I found a you tube video that demonstrated how to make chevre. I really like this method of making cheese. It is less actual work than mozzarella by far, and farmers cheese. You let the milk come to room temp and add the culture, stir, and let it sit. Lazy woman's cheese. The way she demonstrated how to do it in the video just made it so easy. I used my big stainless stockpot and three purchased molds. The molds made me not have to fight with the cheese cloth/ butter muslin cloth and hanging the cheese. The ingredients are as follows for the fancy Chevre:
1 gallon milk used goat milk (Yea!)
1 packet direct set mesophilic culture
1 drop rennet
1/64th of a teaspoon Geotrichum Candidum
(most of my stuff came from Cheesemaking .com)
After waiting nearly 22 hours I scooped up the curd and dished it up into the molds. No messy draining in cheesecloth. I used the plastic molds that are like little strainers. They went in a plastic container I had with a rack in it and I left for work took 5 minutes. This time I am going to age the cheese. putting I sprinkled ash (activated charcoal) on the little wheels to form the rind she talks about. I've got a good friend with a new wine cellar and I carried them over for their aging. By adding the Geotrichum Candidum my yield seems greater than with farmers cheese simply judging by the amount of whey that was left in the pan. It does taste better as well I was told by tasters that it was creamier and tastier.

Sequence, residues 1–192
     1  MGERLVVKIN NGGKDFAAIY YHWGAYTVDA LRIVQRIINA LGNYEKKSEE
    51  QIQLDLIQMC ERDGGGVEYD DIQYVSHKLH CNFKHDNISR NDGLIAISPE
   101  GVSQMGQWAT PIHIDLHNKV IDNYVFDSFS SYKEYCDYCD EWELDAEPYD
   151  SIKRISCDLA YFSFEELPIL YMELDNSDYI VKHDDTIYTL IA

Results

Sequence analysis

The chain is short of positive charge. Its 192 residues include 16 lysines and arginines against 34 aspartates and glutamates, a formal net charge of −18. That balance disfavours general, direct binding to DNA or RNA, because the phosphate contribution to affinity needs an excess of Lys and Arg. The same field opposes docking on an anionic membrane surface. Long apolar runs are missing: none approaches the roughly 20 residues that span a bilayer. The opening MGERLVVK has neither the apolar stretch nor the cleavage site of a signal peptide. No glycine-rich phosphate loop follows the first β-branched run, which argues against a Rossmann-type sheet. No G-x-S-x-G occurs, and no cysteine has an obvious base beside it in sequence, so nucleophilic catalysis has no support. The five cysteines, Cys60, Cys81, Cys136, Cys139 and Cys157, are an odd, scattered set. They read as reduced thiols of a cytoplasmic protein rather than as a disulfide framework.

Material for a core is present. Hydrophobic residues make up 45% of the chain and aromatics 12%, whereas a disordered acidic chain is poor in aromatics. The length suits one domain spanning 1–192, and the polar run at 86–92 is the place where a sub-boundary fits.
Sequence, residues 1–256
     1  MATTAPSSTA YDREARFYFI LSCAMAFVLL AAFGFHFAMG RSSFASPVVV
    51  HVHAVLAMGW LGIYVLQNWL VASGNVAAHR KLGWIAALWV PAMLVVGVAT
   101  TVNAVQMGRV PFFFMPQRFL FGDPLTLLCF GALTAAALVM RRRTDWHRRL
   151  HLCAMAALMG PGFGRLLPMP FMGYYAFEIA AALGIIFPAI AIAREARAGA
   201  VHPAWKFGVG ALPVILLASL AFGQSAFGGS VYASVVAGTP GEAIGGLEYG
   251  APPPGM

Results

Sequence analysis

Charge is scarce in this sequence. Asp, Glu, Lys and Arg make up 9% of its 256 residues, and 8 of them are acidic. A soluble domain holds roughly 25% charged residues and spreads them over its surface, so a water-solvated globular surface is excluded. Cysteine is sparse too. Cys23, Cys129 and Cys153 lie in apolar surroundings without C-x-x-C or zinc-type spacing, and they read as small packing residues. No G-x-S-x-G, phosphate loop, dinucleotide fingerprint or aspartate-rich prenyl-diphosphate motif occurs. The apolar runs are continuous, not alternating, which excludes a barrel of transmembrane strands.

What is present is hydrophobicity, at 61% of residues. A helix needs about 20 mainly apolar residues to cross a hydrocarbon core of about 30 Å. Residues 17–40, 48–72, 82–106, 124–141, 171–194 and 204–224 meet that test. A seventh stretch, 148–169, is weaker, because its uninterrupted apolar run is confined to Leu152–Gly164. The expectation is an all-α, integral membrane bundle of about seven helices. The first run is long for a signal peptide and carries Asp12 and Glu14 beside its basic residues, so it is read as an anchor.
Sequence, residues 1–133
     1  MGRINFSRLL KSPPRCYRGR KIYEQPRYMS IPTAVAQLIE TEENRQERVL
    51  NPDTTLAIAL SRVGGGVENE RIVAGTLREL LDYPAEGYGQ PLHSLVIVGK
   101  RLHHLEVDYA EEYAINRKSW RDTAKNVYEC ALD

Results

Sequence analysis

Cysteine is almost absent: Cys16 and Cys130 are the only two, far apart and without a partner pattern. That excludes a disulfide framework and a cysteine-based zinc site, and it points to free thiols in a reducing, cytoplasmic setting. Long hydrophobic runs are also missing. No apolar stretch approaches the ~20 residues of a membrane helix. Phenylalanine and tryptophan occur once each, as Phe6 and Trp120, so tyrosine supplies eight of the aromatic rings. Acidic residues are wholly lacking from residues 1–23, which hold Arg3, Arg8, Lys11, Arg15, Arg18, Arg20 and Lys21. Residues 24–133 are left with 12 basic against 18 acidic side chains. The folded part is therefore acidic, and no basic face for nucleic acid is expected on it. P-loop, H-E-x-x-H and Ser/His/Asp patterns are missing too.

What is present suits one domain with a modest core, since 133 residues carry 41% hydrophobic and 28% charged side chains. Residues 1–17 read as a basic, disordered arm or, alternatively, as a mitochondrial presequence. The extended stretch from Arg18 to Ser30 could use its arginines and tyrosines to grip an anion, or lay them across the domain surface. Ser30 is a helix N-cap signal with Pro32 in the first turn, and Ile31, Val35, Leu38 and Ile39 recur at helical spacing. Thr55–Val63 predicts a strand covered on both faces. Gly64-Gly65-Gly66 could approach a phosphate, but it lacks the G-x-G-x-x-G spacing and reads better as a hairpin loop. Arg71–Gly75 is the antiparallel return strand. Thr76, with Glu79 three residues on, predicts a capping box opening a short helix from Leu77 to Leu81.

Bennie has been feasting on them. I think the most successful plants were the Black Krim. We did have some Cherokee Purple but they are and have always been thin as far as harvest goes. No one bothered to tell the Black Krims that they were gourmet tomatoes and they just keep on producing. The irrigation was, and still is, great. Arkansas just gets too dry in July and August.
We have had a bumper crop of cucumbers this year. I grew a variety from Johnny's seeds called maxpac that is supposed to be resistant to all the cucumber vine diseases that I had last year and they have produced wonderfully. I put up at least a dozen quarts of pickles. Plus a gallon of fresh pack cucumbers. I will do another dozen and then call it done. The only complaint I might have about the Maxpac would be that they are a fatter cucumber than I would like.
I did not do any green beans and will have to try some fall beans. I don't know if the neem seed meal trick will work on whatever eats my bean type crops. I think it's leaf hoppers and they might require a row cover for pretty beans.
I made chevre cheese for the first time and am in love with the cheese. I think it tastes way better than the cheese I bought at Sams. I've made it three times now and two times it was perfect, once I forgot the rennet. Major fail, The chickens were happy because they got the whole vat. Thank God for chickens. More on the chevre later.
All the chicken are finally in their forever coop and run after restocking my flock this year. I tried a few other breeds Bielefelders, Columbian Wyandotts, and Bress. I really like the Bielfelders and the Wyandotts. I can't say I've been impressed with the Bress chickens they seem to die more easily. Sometimes after I storm I might find one that just fell off the perch. It is unusual to have a high chicken mortality for me but this year I have had a lot of chicken deaths. The babies that were sent were just not that resilient. All were not purchased form the same hatchery either. I don't know.
Melinda and Bennie Pepper
We work in technology but are homesteaders at heart. We're trying to set up our homestead with productive systems that are sustainable. We have Nigerian Dwarf goats and chickens and are trying to garden and raise fruit trees.